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Getting The Perfect Engine Noise

28 Jan 2017 Features

Getting The Perfect Engine Noise

As cabins near whisper-like levels of quiet, the call for engine noise, real or fake, has grown louder

We’re going to take a stab here: as an enthusiast, the undiluted sound of multiple open throttles and unmuffled exhaust pipes is music to your ears.

We’re also going to guess that, a bit like your mainstream car buyer, you despise excess wind rustle, tyre roar and suspension noise entering your car’s cabin.

There, with ever-tightening exterior noise regulations, you have the reason for the rise of the synthesised engine noise system.

But not all fake induction and exhaust sound systems are created equal. Let’s group them into two camps – those that are good, and those that are evil.

Bmw m3 engineIn the likes of Audi’s SQ5, BMW’s M3, M4 and M5, Volkswagen’s Golf GTI and Renault’s hot Clios, the sound you hear under full throttle is a mixture of actual intake and exhaust noise and a pre-recording played through the car’s speakers. These systems are evil.

That out of the way, let’s focus on the good. In the Lexus LFA, Toyota 86/Subaru BRZ, Porsche’s Boxster, Cayman and 911, and HSV variants equipped with the brand’s bi-modal intake system, the induction note is real, but it has been acoustically amplified in a diaphragm before being channelled into the cabin. As synthesised sounds go, this is good.

Of course, within each categorisation, there are subtly different approaches. Renault’s R-Sound Effect app offers a menu of race and road cars and plays a recording of your selected car through the speakers in-sync with your throttle input. This takes the gimmicky angle. A Clio doesn’t rev as hard as, say, a Nissan GT-R, so the six-pack soundtrack sounds more like a Nissan Altima.

BMW’s Active Sound system is more difficult to accept, because howling, atmo M models used to be some of the best-sounding cars on the road. Now they play a backing track to the driver – a pre-recording of the car’s exhaust from the outside. It sounds fake. And it is.

The Lexus LFA’s system, which directs a V10 symphony into the cabin, is good, because it takes one of the sweetest road-car soundtracks ever, amplifies it and sends it to the driver, without any electronic intervention. This, in our books, makes such a system much more than a necessary evil.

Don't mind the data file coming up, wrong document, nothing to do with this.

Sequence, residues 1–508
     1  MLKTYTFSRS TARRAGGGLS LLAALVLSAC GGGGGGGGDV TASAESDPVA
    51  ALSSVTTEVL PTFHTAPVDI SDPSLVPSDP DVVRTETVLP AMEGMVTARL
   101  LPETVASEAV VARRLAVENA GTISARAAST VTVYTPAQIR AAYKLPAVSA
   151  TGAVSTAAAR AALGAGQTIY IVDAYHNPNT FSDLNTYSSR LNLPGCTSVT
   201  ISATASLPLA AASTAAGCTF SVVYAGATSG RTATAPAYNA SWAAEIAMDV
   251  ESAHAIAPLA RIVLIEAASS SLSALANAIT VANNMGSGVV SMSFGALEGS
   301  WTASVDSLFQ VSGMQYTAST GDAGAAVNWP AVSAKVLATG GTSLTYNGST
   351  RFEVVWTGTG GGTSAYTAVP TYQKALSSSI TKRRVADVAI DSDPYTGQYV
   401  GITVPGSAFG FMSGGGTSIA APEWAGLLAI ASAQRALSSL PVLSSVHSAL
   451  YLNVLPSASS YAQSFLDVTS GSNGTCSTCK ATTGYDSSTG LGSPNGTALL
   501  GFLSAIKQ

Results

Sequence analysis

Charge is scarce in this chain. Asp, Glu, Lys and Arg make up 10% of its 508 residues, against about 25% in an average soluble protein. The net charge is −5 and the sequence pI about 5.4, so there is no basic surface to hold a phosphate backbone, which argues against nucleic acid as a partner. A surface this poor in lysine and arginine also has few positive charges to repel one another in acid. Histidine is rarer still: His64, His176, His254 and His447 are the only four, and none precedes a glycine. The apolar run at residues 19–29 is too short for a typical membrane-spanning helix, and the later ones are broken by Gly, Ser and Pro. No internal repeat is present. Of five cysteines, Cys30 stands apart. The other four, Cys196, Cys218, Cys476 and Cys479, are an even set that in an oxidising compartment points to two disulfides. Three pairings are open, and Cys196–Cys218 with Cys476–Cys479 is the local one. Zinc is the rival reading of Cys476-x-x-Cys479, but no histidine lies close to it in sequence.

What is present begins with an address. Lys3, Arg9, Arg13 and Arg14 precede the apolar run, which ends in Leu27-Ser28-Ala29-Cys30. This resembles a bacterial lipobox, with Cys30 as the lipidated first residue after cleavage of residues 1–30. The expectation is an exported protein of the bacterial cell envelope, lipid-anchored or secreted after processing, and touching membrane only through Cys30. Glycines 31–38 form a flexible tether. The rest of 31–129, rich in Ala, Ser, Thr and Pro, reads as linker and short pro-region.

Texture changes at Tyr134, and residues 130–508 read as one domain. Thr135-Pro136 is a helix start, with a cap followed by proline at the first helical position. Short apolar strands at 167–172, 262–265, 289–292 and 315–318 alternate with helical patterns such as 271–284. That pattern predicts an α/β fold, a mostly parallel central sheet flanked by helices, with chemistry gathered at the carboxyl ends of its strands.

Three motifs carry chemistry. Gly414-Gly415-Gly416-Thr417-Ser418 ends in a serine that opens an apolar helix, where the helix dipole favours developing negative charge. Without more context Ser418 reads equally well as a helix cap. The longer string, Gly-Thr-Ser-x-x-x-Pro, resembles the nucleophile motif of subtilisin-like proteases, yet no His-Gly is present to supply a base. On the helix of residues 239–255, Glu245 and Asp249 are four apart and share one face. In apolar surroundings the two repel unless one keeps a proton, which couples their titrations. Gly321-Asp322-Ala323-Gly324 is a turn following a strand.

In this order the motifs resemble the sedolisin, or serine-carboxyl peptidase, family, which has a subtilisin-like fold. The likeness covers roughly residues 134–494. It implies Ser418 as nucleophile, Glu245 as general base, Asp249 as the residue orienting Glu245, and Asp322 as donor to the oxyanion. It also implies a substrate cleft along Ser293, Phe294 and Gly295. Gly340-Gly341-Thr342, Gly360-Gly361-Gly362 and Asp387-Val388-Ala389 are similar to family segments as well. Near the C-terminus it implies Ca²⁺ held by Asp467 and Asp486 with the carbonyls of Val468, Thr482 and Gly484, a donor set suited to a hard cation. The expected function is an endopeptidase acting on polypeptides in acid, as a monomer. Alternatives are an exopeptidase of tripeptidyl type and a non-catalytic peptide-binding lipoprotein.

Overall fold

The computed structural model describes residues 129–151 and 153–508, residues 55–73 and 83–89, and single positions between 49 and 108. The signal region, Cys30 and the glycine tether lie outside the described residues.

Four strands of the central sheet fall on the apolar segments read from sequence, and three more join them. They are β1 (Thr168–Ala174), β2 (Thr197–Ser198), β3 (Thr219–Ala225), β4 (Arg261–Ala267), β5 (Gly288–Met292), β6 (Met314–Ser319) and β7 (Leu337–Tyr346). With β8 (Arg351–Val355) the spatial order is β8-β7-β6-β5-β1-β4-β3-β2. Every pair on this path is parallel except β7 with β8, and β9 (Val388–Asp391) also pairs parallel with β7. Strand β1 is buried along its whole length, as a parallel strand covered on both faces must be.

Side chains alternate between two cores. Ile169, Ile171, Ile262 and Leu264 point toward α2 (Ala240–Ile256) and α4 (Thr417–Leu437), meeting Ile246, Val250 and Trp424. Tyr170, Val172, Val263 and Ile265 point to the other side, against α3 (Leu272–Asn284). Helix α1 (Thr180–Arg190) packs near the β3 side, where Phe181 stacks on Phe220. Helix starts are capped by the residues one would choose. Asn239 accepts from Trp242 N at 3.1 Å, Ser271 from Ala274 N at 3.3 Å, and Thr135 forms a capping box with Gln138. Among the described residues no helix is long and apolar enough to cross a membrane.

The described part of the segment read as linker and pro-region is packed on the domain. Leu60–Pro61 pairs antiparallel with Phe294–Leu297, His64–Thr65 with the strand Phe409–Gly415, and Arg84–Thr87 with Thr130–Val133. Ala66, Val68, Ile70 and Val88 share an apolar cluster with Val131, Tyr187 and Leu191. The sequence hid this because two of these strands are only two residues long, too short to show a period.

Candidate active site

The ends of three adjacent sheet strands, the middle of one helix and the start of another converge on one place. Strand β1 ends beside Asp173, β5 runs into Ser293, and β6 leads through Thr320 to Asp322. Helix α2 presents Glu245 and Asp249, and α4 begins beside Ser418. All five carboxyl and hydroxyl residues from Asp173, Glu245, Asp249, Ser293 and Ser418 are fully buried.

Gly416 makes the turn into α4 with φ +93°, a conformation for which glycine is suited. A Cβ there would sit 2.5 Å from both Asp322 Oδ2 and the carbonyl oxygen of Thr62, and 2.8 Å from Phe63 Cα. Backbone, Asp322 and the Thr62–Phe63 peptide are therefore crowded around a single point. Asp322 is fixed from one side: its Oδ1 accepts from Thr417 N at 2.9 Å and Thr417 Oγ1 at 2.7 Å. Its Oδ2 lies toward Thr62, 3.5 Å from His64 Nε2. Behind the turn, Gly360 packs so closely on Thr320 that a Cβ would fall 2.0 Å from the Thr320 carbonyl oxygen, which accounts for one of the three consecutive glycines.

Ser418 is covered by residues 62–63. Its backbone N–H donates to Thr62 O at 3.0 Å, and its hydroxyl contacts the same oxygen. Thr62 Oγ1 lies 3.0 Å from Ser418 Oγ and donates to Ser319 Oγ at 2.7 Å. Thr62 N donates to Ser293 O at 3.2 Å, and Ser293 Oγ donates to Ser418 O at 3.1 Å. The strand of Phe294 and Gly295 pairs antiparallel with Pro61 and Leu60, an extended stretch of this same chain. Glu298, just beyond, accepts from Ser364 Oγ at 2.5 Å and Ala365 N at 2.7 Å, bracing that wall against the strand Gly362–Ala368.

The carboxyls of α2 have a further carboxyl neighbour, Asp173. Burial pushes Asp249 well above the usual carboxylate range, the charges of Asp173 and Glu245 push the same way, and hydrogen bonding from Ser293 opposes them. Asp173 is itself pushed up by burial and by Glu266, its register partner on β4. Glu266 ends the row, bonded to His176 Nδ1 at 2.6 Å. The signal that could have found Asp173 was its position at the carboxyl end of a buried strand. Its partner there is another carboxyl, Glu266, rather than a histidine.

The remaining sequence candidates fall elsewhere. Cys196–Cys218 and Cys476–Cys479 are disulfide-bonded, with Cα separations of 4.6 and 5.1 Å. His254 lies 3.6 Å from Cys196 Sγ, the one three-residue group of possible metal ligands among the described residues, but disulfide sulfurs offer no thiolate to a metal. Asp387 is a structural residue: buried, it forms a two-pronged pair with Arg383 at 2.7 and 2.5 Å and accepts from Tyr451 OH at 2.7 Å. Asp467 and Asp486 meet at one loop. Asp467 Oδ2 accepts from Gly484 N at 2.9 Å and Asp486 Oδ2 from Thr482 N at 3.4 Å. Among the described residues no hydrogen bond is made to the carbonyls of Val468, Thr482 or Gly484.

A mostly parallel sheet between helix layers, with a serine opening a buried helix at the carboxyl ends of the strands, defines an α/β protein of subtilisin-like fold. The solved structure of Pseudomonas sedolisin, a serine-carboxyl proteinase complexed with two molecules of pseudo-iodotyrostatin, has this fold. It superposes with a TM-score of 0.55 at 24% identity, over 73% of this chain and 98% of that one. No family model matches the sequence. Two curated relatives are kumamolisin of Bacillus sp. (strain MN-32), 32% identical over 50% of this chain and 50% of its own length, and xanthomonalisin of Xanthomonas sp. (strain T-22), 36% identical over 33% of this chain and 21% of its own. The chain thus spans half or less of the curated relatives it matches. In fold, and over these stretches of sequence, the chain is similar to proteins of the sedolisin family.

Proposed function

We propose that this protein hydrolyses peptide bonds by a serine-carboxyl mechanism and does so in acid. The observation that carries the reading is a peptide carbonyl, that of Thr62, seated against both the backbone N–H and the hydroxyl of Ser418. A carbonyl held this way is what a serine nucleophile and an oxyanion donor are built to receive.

Lexus LFAOkay, without these systems, the leaps in cabin quietness and refinement of icons such as the BMW M5 and Porsche 911 would’ve come at the cost of the aural engine experience that helped these heroes build their reputations.

Today’s car buyer demands refinement with character, and electro-noise systems are how their makers have delivered them. In other words, if you don’t like it, you have only got yourself to blame.

Synthesised induction sound systems have only been common for around a generation or so. If, when it comes to induction sounds, you prefer to keep it real, do like us and look at cars released pre-2008. Or delve deep into the carby-era for aural inspiration.

For the LFA, Lexus engineers made the V10’s induction plenum chamber vibrate like a violin body to enhance the tonal quality of the intake note. Resin construction replaced aluminium when it was found to deliver the desired vibration.

Not only did they increase response, individual throttle bodies allowed Lexus more precise control of the intake air, and thus the resulting exhaust pressure waves. Emission rules almost ruled out the use of the bodies altogether, though.

Equal-length headers crispen the note, feeding it through twin sub-mufflers into a main muffler. Above 3000rpm this muffler forces the gases through a single chamber that changes the note’s quality to deliver the signature F1 scream. 

It was found that 10mm changes to the length of the connecting pipe between the exhaust’s dual banks altered the “chords and disharmony” of the exhaust note. The howl produced by the final length “makes the air tremble,” Lexus says.

Crudely, Lexus describes the means of getting engine noise into the cabin as “drilling holes in the bulkhead”. Yamaha, however, tells of a four-component ‘sound conveyance device’, complete with a ‘dragon eye’ sub-path, that richens the note.



THE two-wheeled brigade has sworn by this motto for decades, but it could soon carry into the car world. Whether for bikes or cars, there’s truth in their loud-pipes logic. A vehicle that a fellow road-user, or pedestrian, can hear coming is safer than a quiet one.

High-performance cars in need of a bit of high-tech sound augmentation is one thing, but pure electric cars have uncovered a new need for synthesised sound. Given the average electric car whirrs along with little noise, artificial car sounds – they could be fake engine noises or a more utilitarian warning – could become a necessity rather than just an affectation of today’s over-refined performance cars.